Three-dimensional macromolecular structure

The three dimensional macromolecular structure (3D–MMS) of the DPP4 binding domain in the S protein was predicted using the sequence-homology method that is based on sequences and structures released by the protein data bank (PDB) and visualized by Cn3D v4.3 software [22]. The secondary structure elements are defined based on an ESPript (http://espript.ibcp.fr) algorithm [23] and are labelled in a previous report on the MERS-RBD structure [24].

Results

Two bat carcasses belonging to two different species, Hypsugo savii and Pipistrellus kuhlii, were provided in 2011 by a wildlife recovery centre located in the Modena province (North Italy). The first bat was an adult female whereas for the second one data on age and sex were not available. During necropsy, no pathological lesions indicative of infectious diseases were observed in the two animals, but dehydration and traumatic injuries such as lacerations of the wing membrane were observed.

Samples of intestine from the two bats tested positive by the pan-coronavirus one-step RT-PCR method, and then cell cultures were inoculated with them to attempt virus isolation without success.

Genome organization, phylogenetic and molecular analyses

Two complete genome sequences of Bat-CoV/Hypsugo savii/206645–40/2011 (BatCoV-Ita1) and Bat-CoV/Pipistrellus khulii/Italy/206645–63/2011 (BatCoV-Ita2) were obtained from total RNA extracted from portions of intestine. Comparison of the RdRp sequences of the two samples obtained by Sanger method by Lelli et al. [12] showed 99% nucleotide identity between them; Initial BLAST analysis revealed they were highly similar to the beta CoVs clade 2csequences. The two full genome sizes were 30,048 nt for BatCoV-Ita1 and 30,039 for BatCoV-Ita2, with a G + C content of 39% each.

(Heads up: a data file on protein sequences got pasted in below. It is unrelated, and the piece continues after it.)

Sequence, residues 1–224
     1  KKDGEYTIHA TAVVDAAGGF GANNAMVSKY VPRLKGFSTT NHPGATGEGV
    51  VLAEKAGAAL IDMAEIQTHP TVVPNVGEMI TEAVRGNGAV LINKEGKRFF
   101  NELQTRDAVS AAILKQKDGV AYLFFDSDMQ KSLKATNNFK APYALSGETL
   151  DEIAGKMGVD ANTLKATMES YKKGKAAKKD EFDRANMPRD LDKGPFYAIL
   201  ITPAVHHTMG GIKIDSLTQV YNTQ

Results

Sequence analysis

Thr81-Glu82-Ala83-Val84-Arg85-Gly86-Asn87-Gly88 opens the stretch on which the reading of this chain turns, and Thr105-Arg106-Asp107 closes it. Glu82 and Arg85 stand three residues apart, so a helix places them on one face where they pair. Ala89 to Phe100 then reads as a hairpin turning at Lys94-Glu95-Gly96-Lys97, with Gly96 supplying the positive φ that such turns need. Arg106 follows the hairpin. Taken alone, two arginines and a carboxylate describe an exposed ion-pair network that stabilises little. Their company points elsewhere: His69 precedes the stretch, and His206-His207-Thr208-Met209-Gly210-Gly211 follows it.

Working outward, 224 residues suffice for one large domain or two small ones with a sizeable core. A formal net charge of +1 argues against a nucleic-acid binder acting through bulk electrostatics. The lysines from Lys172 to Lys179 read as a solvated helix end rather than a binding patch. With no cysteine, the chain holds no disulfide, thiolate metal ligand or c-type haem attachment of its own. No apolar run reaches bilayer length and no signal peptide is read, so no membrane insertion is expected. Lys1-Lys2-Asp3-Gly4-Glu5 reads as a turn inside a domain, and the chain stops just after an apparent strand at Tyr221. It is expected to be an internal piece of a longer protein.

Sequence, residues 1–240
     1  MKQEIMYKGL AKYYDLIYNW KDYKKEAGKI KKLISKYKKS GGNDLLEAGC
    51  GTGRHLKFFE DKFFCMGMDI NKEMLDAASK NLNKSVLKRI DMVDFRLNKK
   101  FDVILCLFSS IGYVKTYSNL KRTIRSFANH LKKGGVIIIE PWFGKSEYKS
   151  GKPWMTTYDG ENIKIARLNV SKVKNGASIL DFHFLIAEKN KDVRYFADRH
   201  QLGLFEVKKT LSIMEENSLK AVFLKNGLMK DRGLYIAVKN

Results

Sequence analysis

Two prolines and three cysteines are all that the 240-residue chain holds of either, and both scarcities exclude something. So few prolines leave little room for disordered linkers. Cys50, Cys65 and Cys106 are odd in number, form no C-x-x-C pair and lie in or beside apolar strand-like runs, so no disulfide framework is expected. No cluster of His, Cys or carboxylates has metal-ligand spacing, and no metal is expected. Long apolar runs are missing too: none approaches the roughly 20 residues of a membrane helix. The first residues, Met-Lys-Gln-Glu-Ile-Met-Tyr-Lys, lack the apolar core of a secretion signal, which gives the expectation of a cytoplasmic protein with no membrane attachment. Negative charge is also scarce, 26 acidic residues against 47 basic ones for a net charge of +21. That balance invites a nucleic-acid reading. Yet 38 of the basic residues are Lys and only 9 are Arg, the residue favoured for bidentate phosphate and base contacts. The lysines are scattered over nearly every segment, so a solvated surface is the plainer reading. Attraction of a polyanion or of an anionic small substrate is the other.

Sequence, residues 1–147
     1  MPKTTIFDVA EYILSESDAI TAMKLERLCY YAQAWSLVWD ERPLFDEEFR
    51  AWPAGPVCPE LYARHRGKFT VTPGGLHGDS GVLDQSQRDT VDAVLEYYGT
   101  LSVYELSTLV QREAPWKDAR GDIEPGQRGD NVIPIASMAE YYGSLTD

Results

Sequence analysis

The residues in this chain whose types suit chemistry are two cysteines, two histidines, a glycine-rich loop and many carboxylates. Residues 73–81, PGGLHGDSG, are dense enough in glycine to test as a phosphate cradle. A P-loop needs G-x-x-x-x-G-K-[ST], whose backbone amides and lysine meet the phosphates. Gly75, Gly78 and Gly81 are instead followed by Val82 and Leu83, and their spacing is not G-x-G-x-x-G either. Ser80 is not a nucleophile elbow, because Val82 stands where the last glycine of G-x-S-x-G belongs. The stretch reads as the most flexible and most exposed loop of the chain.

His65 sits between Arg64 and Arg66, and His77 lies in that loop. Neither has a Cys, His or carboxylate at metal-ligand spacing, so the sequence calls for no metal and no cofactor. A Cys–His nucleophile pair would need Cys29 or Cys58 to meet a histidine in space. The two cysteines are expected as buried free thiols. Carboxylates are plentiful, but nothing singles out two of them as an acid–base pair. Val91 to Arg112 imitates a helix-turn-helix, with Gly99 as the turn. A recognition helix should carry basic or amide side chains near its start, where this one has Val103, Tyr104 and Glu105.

The genome organization of BatCoV-Ita1 and BatCoV-Ita2 (IT bat CoVs) is identical to that of MERS CoV species encompassing the 10 open reading frames (ORFs) in the order of ORF1ab-spike-ORF3-ORF4ab-ORF5-envelope (E)-membrane (M)-nucleocapsid (N)-ORF8b and the common non-translated sequences identified in CoV genomes at the 5′ and 3′ genomic termini and between ORF5 and the E gene (Table 1).

Table 1
Genome localization of predicted protein sequences, putative leader TRS-L and TRS-B

In ORF1ab the predicted slippery sequence “UUUAAAC” has been observed fitting the consensus motif X_XXY_YYZ (where XXX normally represents any three identical nucleotides; YYY represents strictly AAA or UUU; and Z represents A, C, or U) of nidoviruses involved in synthesis of the replicase pp1ab polyprotein by ribosomal frameshift.